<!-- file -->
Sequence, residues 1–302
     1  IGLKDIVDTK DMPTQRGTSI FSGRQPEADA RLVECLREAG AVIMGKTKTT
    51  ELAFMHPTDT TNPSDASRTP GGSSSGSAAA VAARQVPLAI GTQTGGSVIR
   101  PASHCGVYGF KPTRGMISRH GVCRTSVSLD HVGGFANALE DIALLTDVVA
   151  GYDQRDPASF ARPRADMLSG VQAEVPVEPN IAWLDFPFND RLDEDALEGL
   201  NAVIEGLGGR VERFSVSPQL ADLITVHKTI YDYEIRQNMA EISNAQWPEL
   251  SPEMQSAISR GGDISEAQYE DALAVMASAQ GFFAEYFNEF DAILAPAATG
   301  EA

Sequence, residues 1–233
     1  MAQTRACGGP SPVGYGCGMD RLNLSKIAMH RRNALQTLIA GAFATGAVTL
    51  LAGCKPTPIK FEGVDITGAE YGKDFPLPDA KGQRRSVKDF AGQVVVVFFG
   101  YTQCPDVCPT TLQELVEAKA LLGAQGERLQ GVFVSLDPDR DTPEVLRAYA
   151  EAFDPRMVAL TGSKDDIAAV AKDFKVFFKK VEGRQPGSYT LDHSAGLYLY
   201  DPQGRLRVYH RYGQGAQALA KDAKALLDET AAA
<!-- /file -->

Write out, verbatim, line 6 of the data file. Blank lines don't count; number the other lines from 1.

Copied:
   201  NAVIEGLGGR VERFSVSPQL ADLITVHKTI YDYEIRQNMA EISNAQWPEL